grep pattern filename ~returns line containing pattern, case sensitive, use -i for insensitive.
use -v to display lines which does not contain the pettern
use -n to display the line number as well
use -c to display the number of lines containing the pattern
use -o to display the word containing pattern
use -w to search for the pattern as a whole word
use * in place of filename to search in all files
use -l will display only filename which has the pattern and no more details than that.
use -A2 or -B3 to include 2 lines after the pattern line and 3 lines before it
^pattern to search pattern which is at the start of line
$pattern to search pattern which is at the end of line
6[09] pattern is 60 or 69
6[0-9] pattern is between 60 to 69
6[^09] pattern is anything other than 60 or 69
6[[:digit:]] pattern is 6 and then any digit
other than [:digit:], we have classes as upper, lower, alpha, alnum classes as well
[[:digit:]][[:digit:]][[:digit:]] to search for 3 digit occurances
-E [[:digit:]]{3} can be used for this as well, E stands for extended grep support.

Searching for multiple patterns:
fgrep – fixed grep doesnt support wild cards
egrep – extended grep
grep with option -E

fgrep “pattern1
pattern3” filename ~one pattern on each line, kind of interactive

egrep “patter1|pattern2|pattern3” filename ~connected with pipe. above interactive type can be used as well
grep -E “patter1|pattern2|pattern3” filename

Input and output redirection:
when we run any command in unix linux, 3 files are always opened/available for that program
for each file, a unique file descriptor value will be assigned. unix uses them internally for managing files

files opened device associated file descriptor
————– ——————— —————-
std ip file keyboard 0
std op file monitor 1
std error file monitor 2

io redirection symbols:
< ip redirection
> op redirection
used for c programming

cat < file1 > file2 ~take file1 as ip and op it on file2, overwritting. using same file in both place will make it loose its contents
cat file1 >> file2 ~appends file1 in file2

cat filename
file contents
[ctrl]+D ~to make filename with the contents

cat >> filename
append text
[ctrl]+D ~to append filename with the contents

to save error messages to a file
cat nofile > errorfile

to redirect error messages
cat nofile 2> errorfile or
cat nofile 2>> errorfile ~to save or append the errors or warnings to the errorfile

Find number of files in a dir:
ls > filename ~to write names of files and dir in a file
wc -l filename ~to count the number of them

<command1> | <command2> |.. | <commandn>
first command is executed and its op is feed to 2nd comamnd

ls | wc -l ~combining them in a single command
ls -l ~display long list of all files and info
ls -l | grep “^d” ~to display only directories

who ~display all users details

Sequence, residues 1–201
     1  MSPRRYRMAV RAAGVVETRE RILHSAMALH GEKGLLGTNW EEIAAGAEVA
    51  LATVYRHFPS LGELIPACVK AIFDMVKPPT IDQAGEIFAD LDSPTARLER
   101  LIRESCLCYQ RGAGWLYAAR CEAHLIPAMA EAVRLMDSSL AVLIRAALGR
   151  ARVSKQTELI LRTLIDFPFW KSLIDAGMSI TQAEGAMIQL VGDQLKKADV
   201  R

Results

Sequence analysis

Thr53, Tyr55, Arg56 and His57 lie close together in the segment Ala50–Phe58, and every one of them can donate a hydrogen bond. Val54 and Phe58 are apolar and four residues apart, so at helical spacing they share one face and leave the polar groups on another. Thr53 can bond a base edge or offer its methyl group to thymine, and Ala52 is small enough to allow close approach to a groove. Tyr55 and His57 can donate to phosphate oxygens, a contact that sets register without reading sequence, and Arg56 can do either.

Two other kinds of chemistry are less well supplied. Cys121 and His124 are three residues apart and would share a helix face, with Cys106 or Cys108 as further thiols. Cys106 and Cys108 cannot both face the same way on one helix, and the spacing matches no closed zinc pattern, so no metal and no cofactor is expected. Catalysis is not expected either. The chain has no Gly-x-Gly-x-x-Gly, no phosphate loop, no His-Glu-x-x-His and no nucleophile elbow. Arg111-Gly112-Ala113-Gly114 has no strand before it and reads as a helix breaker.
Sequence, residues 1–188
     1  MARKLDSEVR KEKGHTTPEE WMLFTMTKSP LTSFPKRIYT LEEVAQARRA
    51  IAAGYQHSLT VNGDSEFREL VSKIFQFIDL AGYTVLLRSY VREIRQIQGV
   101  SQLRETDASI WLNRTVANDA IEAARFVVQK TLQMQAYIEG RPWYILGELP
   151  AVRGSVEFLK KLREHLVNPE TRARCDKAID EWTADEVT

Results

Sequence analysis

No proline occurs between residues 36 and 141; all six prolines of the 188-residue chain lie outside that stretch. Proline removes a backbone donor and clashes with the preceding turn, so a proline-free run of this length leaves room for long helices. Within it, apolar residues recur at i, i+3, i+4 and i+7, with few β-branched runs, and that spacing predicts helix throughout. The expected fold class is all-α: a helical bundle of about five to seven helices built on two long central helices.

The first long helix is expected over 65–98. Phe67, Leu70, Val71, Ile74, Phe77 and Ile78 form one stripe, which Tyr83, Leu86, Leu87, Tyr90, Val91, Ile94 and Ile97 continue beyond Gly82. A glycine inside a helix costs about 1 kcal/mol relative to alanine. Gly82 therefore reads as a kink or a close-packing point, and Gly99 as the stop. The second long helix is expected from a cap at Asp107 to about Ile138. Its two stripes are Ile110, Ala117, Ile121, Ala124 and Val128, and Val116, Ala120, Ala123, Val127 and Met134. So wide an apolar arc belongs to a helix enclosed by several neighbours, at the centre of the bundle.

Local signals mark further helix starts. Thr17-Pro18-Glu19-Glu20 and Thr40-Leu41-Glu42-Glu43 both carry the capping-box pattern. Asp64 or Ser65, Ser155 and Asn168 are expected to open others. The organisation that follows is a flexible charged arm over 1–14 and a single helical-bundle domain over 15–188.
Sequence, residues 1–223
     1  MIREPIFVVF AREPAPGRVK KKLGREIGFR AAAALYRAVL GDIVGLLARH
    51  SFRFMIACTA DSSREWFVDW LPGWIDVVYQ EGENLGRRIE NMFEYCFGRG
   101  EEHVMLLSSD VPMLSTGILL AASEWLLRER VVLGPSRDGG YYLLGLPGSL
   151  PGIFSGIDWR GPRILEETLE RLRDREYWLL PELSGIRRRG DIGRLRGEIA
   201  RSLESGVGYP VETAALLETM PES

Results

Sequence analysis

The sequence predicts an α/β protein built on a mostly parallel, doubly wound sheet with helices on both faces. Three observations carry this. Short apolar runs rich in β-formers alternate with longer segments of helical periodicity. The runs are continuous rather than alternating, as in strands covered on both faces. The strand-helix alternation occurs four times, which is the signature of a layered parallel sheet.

who | grep “amit” | tr -s ” ” | cut -d ” ” -f 1,3,4 ~list of users, search for a user, replace multiple spaces with single space then using space as differentiator we get fields 1 2 4

#extract lines containing pattern in the file. extract names and salary. salary in desc order
grep “pattern” filename | cut -d ” ” -f 2,4 | sort -k2 -nr

#TEE command:
grep “pattern” filename | cut -d ” ” -f 2,4 | sort -k2 -nr | tee filename ~save its output in the file and display it on screen. 2 o/p at the same time

#File access permissions:
in file details via “ls -l”, first char is type of file.
– ordinary file
d dir file
L symbolic link file
c char device file
b block device file
p named pipe file
s socket file

next 9 chars are file access permissions
next char is no. of links
next char is owner name, grp name, filesize, date and time of last modification, filename

Type of permission:
x-execute(applicable for dir, shell script and bin files)

Types of users:
u-user/owner creater of file
g-group users belonging to same group
o-others users who belong to another group

Changing file access permission:
chmod command using symbolic or octal method
granting access –
giving access +

ls -l filename ~display permission
chmod u+x,o+w,go+x filename ~user execute, others write, grp n others execute

Using octal method:
no permission:0
chmod 764 filename
7= 421 rwx
6= 42 rw
4= 4 r

Default file access permission (FAP) is based on umask value:
different value for different logged in user
umask ~if o/p is 0002 (ignore the first char as its for special permission)
fap 6 6 6 value for dir, (its 777 for files)
umask 0 0 2 it is the permission which we wish to deny
dafault fap 6 6 4 hence these are granted by default to all files created by the user (substraction of above 2 rows)
umask value ~to change dafault value

Special permission:
set user id uid
set grp id gid
sticky bit

passwd ~to change password, command is present in /usr/bin/
password is not stored in the /etc/passwd. only user details are stored.
its stored in /etc/shadow file.

When user execute passwd command, he has r-x permission on it. executing passwd will make changes in this shadow file on which user doesnt have write permission. its possible because of rws permission on passwd file for owner/root user. here s is setting user id. once this bit is set, any user could be executing passwd program will be using previlledges of owner of the file. we can use this “s” to grant such permission to other users as well.

Setting group id:
by default group will be same as the user
groupadd grpname ~add a group